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Think Jaysean Paige should be starting? Why tinker with success?

West Virginia guard Jaysean Paige drives to the basket during his career-best 25-point performance in the Mountaineers’ 87-83 win at Kansas State.



MORGANTOWN, W.Va. — His team owns a 15-2 record, leap-frogged to No. 6 in Monday’s AP poll, stands 13th in the RPI, and last week came within a possession of sweeping a Kansas/Oklahoma double feature.

Given all those encouraging signs, it was only natural Monday that a reporter asked West Virginia coach Bob Huggins whether it was time to modify his starting lineup.

“Right now, everyone is in favor of leaving it the way it is,” Huggins said.

The question pointed toward Esa Ahmad, currently having a statistically underwhelming freshman season. Shooting 39 percent and averaging only 4.6 points hasn’t stopped the top-100 recruit from starting all 17 games, and apparently won’t prevent an 18th when Texas visits Wednesday. Meanwhile, sixth man Jaysean Paige is scoring 13.7 off the bench (19.6 points in conference) while sinking 51 percent of his shots.

Sure, participating in the starting-five introductions is nice. Being on the floor during end-game situations is nicer. Huggins’ staff is managing roles and fostering chemistry, not seeking to assemble the highest-scoring fantasy lineup.

But what about West Virginia trailing 7-0 in Norman before Paige subbed in? Was that slow start not eventually substantial in what became a 70-68 loss? No more than West Virginia leading 8-0 at TCU by the time Paige checked in the week before. (A game, coincidentally, the Mountaineers won by eight.)

“We thought Jaysean would be able to come off the bench and score the ball, and we need someone to come off the bench to score the ball,” Huggins said Monday. “The way we play it doesn’t matter who starts. It’s the old adage—it matters who finishes.”

To Huggins, order-of-appearance looms less important than the totality of contribution.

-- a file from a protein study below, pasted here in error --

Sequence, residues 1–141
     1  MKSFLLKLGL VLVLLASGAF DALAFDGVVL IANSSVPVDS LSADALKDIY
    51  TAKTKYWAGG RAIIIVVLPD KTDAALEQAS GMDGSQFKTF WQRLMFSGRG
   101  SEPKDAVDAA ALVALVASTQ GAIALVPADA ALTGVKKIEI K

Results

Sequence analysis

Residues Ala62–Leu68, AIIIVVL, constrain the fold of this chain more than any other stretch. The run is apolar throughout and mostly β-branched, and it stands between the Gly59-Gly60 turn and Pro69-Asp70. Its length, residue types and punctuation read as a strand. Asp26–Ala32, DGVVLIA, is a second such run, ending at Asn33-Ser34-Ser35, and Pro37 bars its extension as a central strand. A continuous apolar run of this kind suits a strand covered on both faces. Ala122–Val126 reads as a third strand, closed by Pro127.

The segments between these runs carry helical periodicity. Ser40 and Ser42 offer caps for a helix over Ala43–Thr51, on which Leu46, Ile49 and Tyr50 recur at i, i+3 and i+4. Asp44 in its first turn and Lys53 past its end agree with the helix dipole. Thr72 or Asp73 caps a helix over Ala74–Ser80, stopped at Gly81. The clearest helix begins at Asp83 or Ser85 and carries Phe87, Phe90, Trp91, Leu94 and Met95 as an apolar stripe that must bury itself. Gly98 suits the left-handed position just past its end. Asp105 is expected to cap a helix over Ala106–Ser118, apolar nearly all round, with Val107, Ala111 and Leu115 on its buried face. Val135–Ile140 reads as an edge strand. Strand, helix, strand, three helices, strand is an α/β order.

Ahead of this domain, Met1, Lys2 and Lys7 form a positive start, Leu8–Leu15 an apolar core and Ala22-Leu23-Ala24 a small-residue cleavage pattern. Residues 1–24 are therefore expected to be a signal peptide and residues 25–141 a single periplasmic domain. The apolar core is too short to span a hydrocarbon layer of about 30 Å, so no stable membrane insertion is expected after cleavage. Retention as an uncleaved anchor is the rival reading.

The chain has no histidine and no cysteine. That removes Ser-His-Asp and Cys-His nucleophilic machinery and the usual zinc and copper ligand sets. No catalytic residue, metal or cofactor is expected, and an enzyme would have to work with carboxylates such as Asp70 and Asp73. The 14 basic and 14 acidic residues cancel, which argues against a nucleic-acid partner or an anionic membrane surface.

With Ahmad averaging 19.3 minutes and Paige 19.8, Huggins has struck a balance at the three-spot. As Paige strings together more assertive performances, the question to be asked is not who should be playing first, but rather who should be playing more.

Paige played 26 minutes at Oklahoma to Ahmad’s 19, a disparity that would have been greater if not for Paige foul trouble. (His first whistle in particular, a backcourt reach-in after committing a turnover, epitomized the kind of brain cramp that sabotaged Paige’s junior season.)

Paige recorded a team-high plus-minus of plus-16 against the Sooners, while Ahmad had a game-worst minus-15. An extreme case, for sure, though not out-of-whack with the season norms—Paige’s plus-13.4 average leads West Virginia. Ahmad’s plus-6.7 ranks only sixth on the team, though ahead of Devin Williams (plus-6.6), WVU’s top scorer and rebounder.

Note here that Huggins embraces plus-minus with the same warmth he does the Marshall series. He claims the myriad factors outside an individual player’s control clouds the stat’s relevance in gauging an individual’s value. Nonetheless, it is a metric tied to team success, and as the season-long sample size broadens, any player consistently linked to positive outcomes must be truly valuable or exceptionally lucky. (Ahmad’s defensive metrics, by the way, are tops among the WVU regulars.)

Not to quibble with Huggins over advanced stats. Rather, let’s applaud him for sticking with his gut on Paige, and finding a role in which the team’s most athletic and most dynamic scorer also is its most efficient. At the outset of games, there’s a reassurance in knowing Paige is charging up on the bench, ready to lead the second wave.

And for those who still think Paige belongs in the starting lineup, there’s always Senior Night.

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